Corticosterone pellets (100 mg, 21 day release, G-111) were obtained from Innovative Research of America (Sarasota, FL, USA). The implants slowly release the hormone, which enters the bloodstream. In preliminary trials we found that this dose was sufficient to induce marked increases in the level of plasma corticosterone and accelerate body mass loss as early as 2 days after the start of treatment (S.B. and T.R., unpublished data). For the implantation of the corticosterone pellets we followed the recommendations of the manufacturer. Briefly, a small patch of skin at the back side of the bird's neck was shaved and disinfected using alcohol and betadine (iodine solution). A small incision equal to the size of the pellet was made and the implant was inserted underneath the skin. The skin was closed with a single stitch, using surgical thread. The wound was cleaned with betadine and sprayed with an aluminium powder. The surgical procedure required less than 10 min. Control animals underwent the identical procedure, without actual insertion of a pellet.
T-cell-mediated immune response: PHA skin test
For this test we challenged one wing-web with the mitogenic PHA, while the other wing-web (control) was injected with phosphate buffered saline (PBS). Briefly, 100 μl of 5 mg ml-1 PHA (Sigma L 8754) in PBS were injected intradermally into the right wing-web, while the left wing-web was injected with an equal volume of PBS. This procedure was shown to induce little physiological stress in birds (Merino et al., 1999). Injection sites on the wing-web were measured using a micrometer calliper (three readings) just before and 24 h after injection with PHA or PBS. The T-cell-mediated immune response was taken as the difference between the two wing-web swellings.
Immunoglobulin levels: ELISA test
A sensitive ELISA method was used to determine the amount of serum immunoglobulins in eider duck blood. This method using commercial anti-chicken antibodies has so far been validated in six wild avian species (Martinez et al., 2003). Despite the fact that Anseriforms have an additional immunoglobulin isotype (IgY), which is not found in other birds (Parham, 1995), we assumed linear cross-reactivity. Accordingly, the values obtained were used as relative immunoglobulin levels.
To determine the linear range of the sigmoid curve, ELISA plates were coated with serial dilutions of serum (100 μl) in carbonate-bicarbonate buffer (0.1 mol l-1, pH 9.6) and incubated overnight at 4°C. We selected the data obtained from trials using the serum dilution nearest to the centre of its linear range. ELISA plates were then coated with 100 μl of diluted serum samples from female eiders (two samples per female diluted to 1/32 000 in carbonate-bicarbonate buffer) and incubated for 1 h at 37°C. After a second incubation overnight at 4°C, the plates were washed with a solution (200 μl) of phosphate buffer saline and Tween (PBS-Tween), and a diluent (100 μl), containing 5% powdered milk in PBS was added. Following incubation for 1 h at 37°C, the plates were washed with PBS-Tween buffer. 100 μl of anti-chicken conjugate (Sigma A 9046) was added at 1:250 (v/v) and the plates were incubated for 2 h at 37°C. After three washes, the plates were filled with 100 μl of a solution consisting of 2,2′-azino-bis-(3-ethylbenzthiazoline-6-sulphonic acid (ABTS) and concentrated hydrogen peroxide diluted to 1:1000. Following incubation for 1 h at 37°C, absorbance was measured at 405 nm using a plate spectrophotometer (Awareness Technology, Inc., Palm City, FL, USA).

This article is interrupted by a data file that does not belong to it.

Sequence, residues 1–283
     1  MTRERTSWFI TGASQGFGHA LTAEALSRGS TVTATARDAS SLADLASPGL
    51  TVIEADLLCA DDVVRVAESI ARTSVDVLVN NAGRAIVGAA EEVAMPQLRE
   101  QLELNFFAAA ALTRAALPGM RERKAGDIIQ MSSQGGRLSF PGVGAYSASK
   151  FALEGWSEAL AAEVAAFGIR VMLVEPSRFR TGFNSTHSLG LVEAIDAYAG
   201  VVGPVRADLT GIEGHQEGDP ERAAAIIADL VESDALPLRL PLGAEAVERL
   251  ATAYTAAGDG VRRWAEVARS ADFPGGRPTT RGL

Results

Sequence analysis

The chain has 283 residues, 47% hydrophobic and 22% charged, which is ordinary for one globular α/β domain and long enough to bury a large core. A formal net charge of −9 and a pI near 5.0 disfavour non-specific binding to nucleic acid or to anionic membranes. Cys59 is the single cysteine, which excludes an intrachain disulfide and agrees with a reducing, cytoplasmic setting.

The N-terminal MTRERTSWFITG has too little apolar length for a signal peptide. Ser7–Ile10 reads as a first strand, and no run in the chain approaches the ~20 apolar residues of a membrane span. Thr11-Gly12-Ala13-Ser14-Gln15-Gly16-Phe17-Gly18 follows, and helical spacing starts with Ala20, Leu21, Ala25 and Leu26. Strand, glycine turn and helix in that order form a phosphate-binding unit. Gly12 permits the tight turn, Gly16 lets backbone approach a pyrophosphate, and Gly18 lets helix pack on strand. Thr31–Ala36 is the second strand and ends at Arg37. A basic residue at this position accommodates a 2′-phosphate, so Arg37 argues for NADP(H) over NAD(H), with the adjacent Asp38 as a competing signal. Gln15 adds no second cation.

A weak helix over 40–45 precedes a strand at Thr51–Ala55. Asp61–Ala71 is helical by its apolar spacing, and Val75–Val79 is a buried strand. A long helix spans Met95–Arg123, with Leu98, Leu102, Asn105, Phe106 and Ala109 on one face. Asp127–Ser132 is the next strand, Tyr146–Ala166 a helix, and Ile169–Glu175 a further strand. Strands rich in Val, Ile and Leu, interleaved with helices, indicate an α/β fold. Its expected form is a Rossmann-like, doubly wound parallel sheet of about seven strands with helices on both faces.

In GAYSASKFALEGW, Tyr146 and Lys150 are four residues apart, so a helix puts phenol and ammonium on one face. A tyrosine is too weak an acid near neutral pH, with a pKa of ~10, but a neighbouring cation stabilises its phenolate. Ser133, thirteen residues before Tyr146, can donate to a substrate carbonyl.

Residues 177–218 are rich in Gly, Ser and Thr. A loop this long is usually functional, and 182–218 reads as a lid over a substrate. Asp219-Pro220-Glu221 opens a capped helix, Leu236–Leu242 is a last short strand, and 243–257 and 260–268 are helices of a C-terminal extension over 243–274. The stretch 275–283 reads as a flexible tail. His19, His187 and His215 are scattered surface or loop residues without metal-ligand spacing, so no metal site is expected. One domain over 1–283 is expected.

Assessment of the corticosterone levels
Corticosterone concentrations were determined by radioimmunoassay (RIA) in our laboratory using an 125I RIA double antibody kit from ICN Biomedicals (Costa Mesa, CA, USA). The corticosterone RIA had an intra-assay variability of 7.1% (N=10 duplicates) and an inter-assay variability of 6.5% (N=15 duplicates).
Statistical analysis was conducted with SPSS 12.0.1 (SPSS Inc., Chicago, IL, USA). Values are means ± standard error (s.e.m.). Corticosterone levels were not normally distributed (Kolmogorov-Smirnov test, P<0.05). Hence, data were log transformed to meet parametric assumptions, before parametric tests were used. Repeated measures (RM) two-way ANOVA was used to test for the effects of the treatment and incubation stage on corticosterone levels, body mass and immunoglobulin level. Two-way ANOVA was used to test for the effects of the treatment and incubation stage on the T-cell-mediated immune response. Linear regression analysis was used to assess the relationships between all parameters measured.
Tables 1 and 2 provide biological, hormonal and immune profiles for the female eider ducks (before and after implantation) sampled during the first part and near the end of their incubation period, respectively. Initial clutch size, tarsus and wing lengths, days of incubation, body mass, immunoglobulin level and corticosterone levels were not significantly different between the experimental and control group before manipulation (i.e. corticosterone pellet implantation) at both incubation stages.
Effects of corticosterone implants on body mass